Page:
24-Hour Crisis Hotline: (877)SAFEGBC or (877)723-3422 Mental Health & Substance Abuse Issues

6502 Nursery Drive, Suite 100
Victoria, TX 77904
(361)575-0611
(800)421-8825
Fax: (361)578-5500

Medical Disorders
Resources
Basic InformationLookupsLatest News
Vaping Constricts Blood Vessels, Raising Heart, Lung ConcernsWhen Does Heart Health Return to Normal After Quitting Smoking?New Antibiotic Approved for Community-Acquired Bacterial PneumoniaImplant Approved to Improve Symptoms in Advanced Heart Failure'No Quick Fix' for A-Fib, But Cardiologist Says You Can Help Prevent ItAHA News: Why Do Women Get Statins Less Frequently Than Men?'Dr. Google' Helps Some Patients Diagnose a Rare DiseaseHealth Tip: Recognizing a Staph InfectionIs Dairy Fat Different?CDC Recommends Catch-Up HPV Vaccination for Young AdultsHow to Relieve Dry, Irritated EyesPretomanid Approved for Treatment of Drug-Resistant TBAHA News: Tiring Easily May Warn of Future Heart TroubleAmerica's Obesity Epidemic May Mean Some Cancers Are Striking SoonerHeavy Smog as Bad as Pack-a-Day Smoking for LungsConcussed NFL Players Sidelined for Much Longer NowadaysHormone Therapy for Prostate Cancer Might Harm the Heart: StudyObesity and 'Spare Tire' Raise Hispanics' Odds for Early DeathAHA News: Protein Made During Long Workouts May Warn of Heart ProblemsHow to Help Your Heart Weather Extreme HeatHealth Threats Don't End for Some Sepsis SurvivorsHeat Waves Brought by Climate Change Could Prove Deadly for Kidney PatientsHealth Tip: Avoiding AnemiaAre You Still Putting Off Colon Cancer Screening?Tips for Preventing DiverticulitisFDA Reports More Seizures Among VapersKids Getting Too Many Opioids After TonsillectomyCan Major Surgeries Cause a Long-Term 'Brain Drain'?How Much Coffee Is Too Much for Migraine Sufferers?Steady Stream of Lesser Head Hits in Football Can Still Damage BrainDon't Sweat It: Hyperhydrosis Can Be TreatedFast-Food Joints on Your Way to Work? Your Waistline May WidenAdults Need Vaccines, TooHealth Tip: Managing Arthritis of the Hands'Selfies' Might Someday Track Your Blood PressureIn Heat Waves, Fans May Do More Harm Than GoodSmoking Creates Long-Lasting Risk for Clogged Leg ArteriesFootball Head Trauma Linked Again to Long-Term Brain DamageDrug Approved to Treat Tenosynovial Giant Cell TumorRugby-Style Tackling Might Make Football SaferFor Kids With Asthma, Allergies, New School Year Can Bring Flare-UpsFrailty Not a Normal Part of AgingAHA News: Hurricane Checklist: Batteries, Bottled Water – And A Plan for Heart CareDangerous Sesame Allergy Affects Many AmericansScorching Pavement Sends Some to the ER With BurnsHealth Tip: Living With Hypoglycemia3-D Printers Might Someday Make Replacement HeartsCDC Renews Pledge to Fight Ebola Outbreak in AfricaAnemia Linked to Higher Odds for Dementia in SeniorsDrug Duo May Be an Advance Against a Common Leukemia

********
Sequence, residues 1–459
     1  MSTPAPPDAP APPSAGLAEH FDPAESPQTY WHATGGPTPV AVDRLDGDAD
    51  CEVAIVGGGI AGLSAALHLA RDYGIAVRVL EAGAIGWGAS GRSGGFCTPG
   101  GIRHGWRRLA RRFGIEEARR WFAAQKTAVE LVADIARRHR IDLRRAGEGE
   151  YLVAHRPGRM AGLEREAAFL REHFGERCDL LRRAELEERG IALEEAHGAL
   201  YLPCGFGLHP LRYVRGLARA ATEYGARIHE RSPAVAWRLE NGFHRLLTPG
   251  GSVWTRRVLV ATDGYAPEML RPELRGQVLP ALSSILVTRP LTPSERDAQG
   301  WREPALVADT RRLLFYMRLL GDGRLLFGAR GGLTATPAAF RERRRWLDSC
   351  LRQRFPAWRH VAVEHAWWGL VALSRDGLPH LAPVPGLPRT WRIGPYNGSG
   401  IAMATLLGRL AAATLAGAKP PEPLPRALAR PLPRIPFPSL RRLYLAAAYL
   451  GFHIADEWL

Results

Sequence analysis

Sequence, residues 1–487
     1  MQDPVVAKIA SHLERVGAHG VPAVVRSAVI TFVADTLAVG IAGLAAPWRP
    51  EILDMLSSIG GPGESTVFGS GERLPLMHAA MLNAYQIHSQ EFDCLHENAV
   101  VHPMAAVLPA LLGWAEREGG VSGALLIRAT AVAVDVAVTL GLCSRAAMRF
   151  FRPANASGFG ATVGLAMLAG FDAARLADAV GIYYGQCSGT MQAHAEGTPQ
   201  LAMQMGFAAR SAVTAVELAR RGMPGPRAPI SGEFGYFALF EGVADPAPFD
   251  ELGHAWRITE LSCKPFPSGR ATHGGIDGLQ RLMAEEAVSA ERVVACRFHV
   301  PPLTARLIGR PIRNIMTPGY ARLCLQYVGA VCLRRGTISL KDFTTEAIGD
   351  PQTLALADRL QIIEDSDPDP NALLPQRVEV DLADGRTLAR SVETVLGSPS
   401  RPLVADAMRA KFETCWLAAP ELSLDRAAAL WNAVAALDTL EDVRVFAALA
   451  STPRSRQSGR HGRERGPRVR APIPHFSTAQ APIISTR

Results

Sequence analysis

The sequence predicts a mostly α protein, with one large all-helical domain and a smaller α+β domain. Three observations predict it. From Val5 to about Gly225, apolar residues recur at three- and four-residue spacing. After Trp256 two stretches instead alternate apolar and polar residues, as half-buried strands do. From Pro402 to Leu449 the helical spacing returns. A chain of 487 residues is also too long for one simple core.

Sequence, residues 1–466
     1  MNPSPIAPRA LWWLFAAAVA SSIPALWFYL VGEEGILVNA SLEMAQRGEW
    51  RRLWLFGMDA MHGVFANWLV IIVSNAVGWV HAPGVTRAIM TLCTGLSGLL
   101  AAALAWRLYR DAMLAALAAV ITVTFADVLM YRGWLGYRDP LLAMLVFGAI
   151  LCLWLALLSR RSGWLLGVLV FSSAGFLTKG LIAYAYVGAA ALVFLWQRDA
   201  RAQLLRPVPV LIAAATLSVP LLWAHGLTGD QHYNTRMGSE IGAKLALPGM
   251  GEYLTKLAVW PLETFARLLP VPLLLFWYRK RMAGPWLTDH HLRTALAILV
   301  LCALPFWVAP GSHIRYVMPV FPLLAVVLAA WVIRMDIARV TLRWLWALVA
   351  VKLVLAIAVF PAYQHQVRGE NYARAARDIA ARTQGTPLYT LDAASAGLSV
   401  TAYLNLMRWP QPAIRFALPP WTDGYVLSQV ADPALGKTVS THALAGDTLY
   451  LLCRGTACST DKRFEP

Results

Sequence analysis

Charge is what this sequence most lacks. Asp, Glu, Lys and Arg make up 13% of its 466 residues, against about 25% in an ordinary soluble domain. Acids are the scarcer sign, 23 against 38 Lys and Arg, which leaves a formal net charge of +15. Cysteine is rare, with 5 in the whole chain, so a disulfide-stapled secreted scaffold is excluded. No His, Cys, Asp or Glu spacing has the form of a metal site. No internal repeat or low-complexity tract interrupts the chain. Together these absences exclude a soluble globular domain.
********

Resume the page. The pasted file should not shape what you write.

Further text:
Questions and AnswersLinks
Related Topics

Diabetes

Unraveling the Mystery of Hiccups

HealthDay News
by -- Robert Preidt
Updated: Feb 2nd 2019

new article illustration

SATURDAY, Feb. 2, 2019 (HealthDay News) -- Most everyone gets them, but no one really knows why.

Hiccups are a reflexive spasm of the diaphragm, and they can happen to anyone from newborns to the elderly. It's even common for babies in the womb to be seen hiccuping on ultrasounds, according to Dr. Stacey Milunic. She is a family medicine physician from Penn State Health.

But what triggers them remains unclear.

"We don't know for sure what causes them," Milunic said in a university news release. "It's not well understood."

Many people develop hiccups when experiencing emotional states, such as anxiety or overexcitement. Or after eating a large meal or drinking carbonated beverages.

Hiccups are sometimes a side effect of medication or can occur after a medical procedure such as an endoscopy or after receiving anesthesia. Some people blame hiccups on alcohol, smoking, chewing gum and eating spicy foods.

"Basically, anything that distends or expands the stomach or potentially could irritate it can bring them on," Milunic said.

While they can be irritating and embarrassing, hiccups rarely indicate a more serious, underlying medical condition.

Most cases disappear within 48 hours, but there are rare cases of intractable hiccups, which are more common in men than women.

"If you are hiccuping for more than two days, you would want to call your doctor," Milunic said. "Rarely, but on occasion, it could be a sign of damage to the nerve or another serious medical condition."

People use a number of methods to try to stop their hiccups, including holding their breath, breathing into a paper bag, asking someone to scare them or putting cold compresses on their face.

Milunic said her personal favorite is drinking water from the opposite side of the glass.

More information

The U.S. National Library of Medicine has more on hiccups.